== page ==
By Len Covello
Canadian financial institutions and retailers turning to loyalty programs to drive customer engagement is nothing new. But the loyalty industry in Canada has left both brands and consumers wanting more.
The issue is that many of today’s loyalty programs run on unsophisticated technologies with little segmentation capabilities and zero personalization features. When it comes to loyalty redemption, customers want ease, choice and value, and they simply aren’t getting it.
A common misconception is that companies don’t want consumers to redeem their points, when, in fact, the opposite is true. Banks and retailers invest generously into their loyalty programs with the goal of driving engagement, as the redemption process is where they can really deepen that emotional connection with their customers.
The benefits are clear for businesses: customers who shop with loyalty points have higher conversion rates and purchase more than those who don’t.
Luckily for brands left frustrated by the state of their loyalty programs, key innovations in the industry are now making it easier and more affordable for them to engage their customers. The loyalty industry is prime for disruption.
Here are three key trends that are shaping the future of loyalty in Canada:
1. New technology will increase personalization capabilities.
The world’s best loyalty programs all have one thing in common: they do an excellent job of using customer data to create personalized offers. For those brands playing catchup there is work that still need to be done.
Let’s use an example of a grocery store chain. Because grocery stores know exactly what their customers are purchasing, they should be able to send out item recommendations and coupons specific to each person’s needs. However, while the grocery store may know how to collect customer data, they may not have figured out how to use the data to develop personalized offers. While such an offer may seem obvious to make, most of the technology powering loyalty programs in Canada weren’t built with putting the customer at the centre of the experience.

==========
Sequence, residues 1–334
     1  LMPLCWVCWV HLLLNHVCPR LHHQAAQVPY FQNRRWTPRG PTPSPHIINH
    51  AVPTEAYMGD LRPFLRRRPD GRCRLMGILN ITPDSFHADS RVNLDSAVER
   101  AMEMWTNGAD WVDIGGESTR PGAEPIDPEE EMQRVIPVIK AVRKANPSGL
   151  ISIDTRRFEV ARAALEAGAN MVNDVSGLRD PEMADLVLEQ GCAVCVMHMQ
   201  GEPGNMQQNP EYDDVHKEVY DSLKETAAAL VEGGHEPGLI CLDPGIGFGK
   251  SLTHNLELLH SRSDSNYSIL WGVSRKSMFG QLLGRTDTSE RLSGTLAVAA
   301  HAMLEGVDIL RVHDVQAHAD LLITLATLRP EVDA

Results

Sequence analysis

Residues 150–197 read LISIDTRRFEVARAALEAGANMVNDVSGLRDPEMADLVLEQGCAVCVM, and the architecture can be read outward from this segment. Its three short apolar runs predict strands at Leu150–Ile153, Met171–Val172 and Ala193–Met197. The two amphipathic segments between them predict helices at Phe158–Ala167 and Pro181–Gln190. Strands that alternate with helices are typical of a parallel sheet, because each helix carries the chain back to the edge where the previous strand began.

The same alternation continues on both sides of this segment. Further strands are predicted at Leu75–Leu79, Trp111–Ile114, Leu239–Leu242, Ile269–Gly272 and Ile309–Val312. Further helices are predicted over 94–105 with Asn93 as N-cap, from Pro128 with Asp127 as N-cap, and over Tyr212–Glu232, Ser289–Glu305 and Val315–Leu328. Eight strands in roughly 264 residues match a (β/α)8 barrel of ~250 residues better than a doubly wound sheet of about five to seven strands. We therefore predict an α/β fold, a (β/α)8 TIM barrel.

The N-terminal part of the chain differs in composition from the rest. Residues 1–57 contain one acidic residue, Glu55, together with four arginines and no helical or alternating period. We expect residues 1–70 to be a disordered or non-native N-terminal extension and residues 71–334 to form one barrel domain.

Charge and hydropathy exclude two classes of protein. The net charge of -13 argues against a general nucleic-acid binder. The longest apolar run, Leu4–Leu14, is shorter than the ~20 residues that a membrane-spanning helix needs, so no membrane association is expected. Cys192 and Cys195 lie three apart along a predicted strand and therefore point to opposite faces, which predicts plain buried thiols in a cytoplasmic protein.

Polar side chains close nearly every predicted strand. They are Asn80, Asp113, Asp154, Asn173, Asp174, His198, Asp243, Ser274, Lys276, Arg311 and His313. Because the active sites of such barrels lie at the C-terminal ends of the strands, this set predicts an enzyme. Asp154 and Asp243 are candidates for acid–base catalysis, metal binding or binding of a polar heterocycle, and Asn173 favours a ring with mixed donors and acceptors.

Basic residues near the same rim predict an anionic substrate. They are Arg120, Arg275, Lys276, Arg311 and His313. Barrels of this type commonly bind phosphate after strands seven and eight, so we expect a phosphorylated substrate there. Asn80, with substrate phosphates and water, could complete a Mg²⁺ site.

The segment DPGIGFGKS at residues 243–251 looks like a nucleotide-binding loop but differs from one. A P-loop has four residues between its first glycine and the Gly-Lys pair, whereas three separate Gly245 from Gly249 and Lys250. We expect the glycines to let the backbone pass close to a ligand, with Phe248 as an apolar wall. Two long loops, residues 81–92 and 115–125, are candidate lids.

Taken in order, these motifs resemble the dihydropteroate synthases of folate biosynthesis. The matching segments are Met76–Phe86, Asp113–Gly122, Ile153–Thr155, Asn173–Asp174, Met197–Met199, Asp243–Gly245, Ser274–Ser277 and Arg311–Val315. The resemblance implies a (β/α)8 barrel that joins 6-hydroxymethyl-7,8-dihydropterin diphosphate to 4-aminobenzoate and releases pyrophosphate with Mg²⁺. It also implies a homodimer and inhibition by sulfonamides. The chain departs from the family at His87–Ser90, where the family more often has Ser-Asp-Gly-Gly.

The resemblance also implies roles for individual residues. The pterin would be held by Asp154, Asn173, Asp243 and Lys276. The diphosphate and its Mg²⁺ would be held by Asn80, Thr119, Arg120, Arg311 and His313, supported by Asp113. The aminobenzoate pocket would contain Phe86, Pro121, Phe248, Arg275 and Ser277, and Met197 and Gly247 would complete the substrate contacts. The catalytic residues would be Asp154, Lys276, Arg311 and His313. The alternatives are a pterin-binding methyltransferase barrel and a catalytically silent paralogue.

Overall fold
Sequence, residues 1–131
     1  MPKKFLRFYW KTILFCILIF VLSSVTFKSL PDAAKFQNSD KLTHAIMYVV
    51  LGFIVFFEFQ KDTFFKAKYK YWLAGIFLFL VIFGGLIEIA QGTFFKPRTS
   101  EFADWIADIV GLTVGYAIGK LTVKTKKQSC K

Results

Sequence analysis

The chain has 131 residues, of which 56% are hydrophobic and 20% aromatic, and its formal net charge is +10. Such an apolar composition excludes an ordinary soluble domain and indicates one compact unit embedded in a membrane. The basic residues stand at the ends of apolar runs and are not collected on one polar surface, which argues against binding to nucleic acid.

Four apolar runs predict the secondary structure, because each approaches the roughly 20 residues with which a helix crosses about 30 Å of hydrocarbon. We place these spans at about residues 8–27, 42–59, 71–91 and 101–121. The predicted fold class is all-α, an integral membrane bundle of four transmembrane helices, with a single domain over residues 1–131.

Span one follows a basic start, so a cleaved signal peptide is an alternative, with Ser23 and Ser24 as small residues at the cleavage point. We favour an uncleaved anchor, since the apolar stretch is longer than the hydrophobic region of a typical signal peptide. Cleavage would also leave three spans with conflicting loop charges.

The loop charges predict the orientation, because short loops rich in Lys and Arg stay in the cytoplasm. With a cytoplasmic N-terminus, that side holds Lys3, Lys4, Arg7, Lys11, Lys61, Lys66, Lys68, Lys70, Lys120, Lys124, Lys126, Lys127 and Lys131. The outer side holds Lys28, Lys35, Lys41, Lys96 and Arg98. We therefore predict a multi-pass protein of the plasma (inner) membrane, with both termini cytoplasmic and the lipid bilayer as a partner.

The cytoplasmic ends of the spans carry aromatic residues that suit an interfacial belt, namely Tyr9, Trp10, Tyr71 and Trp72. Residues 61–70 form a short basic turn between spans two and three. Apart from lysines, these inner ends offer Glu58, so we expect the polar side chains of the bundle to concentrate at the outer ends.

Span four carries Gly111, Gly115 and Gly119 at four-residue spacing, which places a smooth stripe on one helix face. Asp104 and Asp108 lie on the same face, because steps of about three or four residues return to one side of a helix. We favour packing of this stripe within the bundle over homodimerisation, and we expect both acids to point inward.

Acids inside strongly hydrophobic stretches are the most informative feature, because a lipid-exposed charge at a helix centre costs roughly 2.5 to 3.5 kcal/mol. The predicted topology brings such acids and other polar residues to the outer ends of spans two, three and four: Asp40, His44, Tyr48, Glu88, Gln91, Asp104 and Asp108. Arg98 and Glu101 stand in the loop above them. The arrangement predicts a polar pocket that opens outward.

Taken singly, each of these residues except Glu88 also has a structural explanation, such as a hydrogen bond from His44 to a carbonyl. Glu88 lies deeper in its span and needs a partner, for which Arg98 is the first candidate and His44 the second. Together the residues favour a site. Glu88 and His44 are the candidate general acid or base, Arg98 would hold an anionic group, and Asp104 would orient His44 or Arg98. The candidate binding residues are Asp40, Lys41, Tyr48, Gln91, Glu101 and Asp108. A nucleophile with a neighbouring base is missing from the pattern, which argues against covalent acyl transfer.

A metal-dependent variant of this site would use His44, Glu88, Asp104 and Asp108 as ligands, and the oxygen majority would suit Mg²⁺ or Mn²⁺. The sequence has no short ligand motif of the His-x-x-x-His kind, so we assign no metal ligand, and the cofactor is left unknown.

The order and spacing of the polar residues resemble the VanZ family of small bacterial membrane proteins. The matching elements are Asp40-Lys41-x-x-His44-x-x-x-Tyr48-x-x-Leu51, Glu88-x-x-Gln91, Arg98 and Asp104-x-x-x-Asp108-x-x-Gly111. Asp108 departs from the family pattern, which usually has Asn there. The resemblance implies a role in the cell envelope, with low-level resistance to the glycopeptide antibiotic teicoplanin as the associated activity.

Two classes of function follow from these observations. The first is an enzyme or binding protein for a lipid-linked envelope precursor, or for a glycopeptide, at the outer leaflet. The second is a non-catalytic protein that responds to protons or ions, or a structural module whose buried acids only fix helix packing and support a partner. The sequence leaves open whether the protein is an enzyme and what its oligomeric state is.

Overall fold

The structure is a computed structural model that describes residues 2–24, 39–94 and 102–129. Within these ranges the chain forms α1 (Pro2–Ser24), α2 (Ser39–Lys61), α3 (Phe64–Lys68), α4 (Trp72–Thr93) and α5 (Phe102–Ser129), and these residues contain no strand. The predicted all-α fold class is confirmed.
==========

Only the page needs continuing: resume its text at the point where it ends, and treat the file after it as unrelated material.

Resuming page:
To manage this issue, we’re already seeing the rise of better technology and new cloud-based loyalty program platforms. This technology will only improve, thereby enabling the companies that are at the forefront of loyalty to engage members in ways that are meaningful to those individuals, in real-time, and without requiring any IT resources.
2. More redemption options will create happier consumers.
Ease of use, poor value and lack of redemption options have always been the top pain points and drivers of customer dissatisfaction in the loyalty industry.
That’s because typically loyalty programs are siloed, only allowing users to earn and redeem within the company’s own ecosystem, and they often come with restrictions that make it difficult for customers to redeem their hard-earned points. One common example are airlines or hotel chains setting blackout periods on travel or nightly stays, which ultimately restricts consumer options.
However, many leading brands are now starting to get out of this mentality. They are creating strategic partnerships that put the customer first by providing them with more offers that allow them to redeem their points for more items or services that fit their specific lifestyles.
Bottom line: the brands that don’t offer more choice when it comes to redeeming loyalty programs will see their customers take their business elsewhere.
3. “Points as currency” will create a new loyalty economy.
What more redemptions options for consumers ultimately signifies is the biggest trend that will shape the future of loyalty in Canada: the rise of the “points as currency” economy.
If the goal of a loyalty program is to create real, emotional connections with customers, then brands must focus on driving redemption to things that matter to their customers, no matter what the good or service is.
Many leading brands are now starting to recognize this and are deploying loyalty programs that allow their customers to liquify and convert their points to the loyalty currency of the customer’s choice that they can then use to redeem “outside” items or services. For instance, imagine being able to use your grocery store loyalty points to pay for your Netflix subscription or building up points at your preferred gas station and then redeeming them on Amazon.
“Points as currency” is the ultimate in personalization because the customer chooses what to redeem, when to redeem and from where to redeem. The more places a customer can redeem their points and the easier it is, the more emotionally engaged and delighted they will be with a brand’s loyalty program. Faster, more frequent redemptions also offer the bonus of reducing the liability on a business’ balance sheet, and at a lower cost per point.
While the loyalty industry has long been stuck in a lose-lose cycle where neither brands nor consumers got what they want, the future of loyalty in Canada is bright as the technology improves and more and more loyalty-specific professionals enter the industry.
With new innovations allowing businesses to build loyalty programs cheaper, faster and with greater flexibility, it will soon be easier for brands to create genuine connections with their customers through personalized offers. Ones that allow Canadians, and loyalty members in the rest of the world, to use their points as currency for products and services that fit their lives.
Len Covello is CTO of Engage People.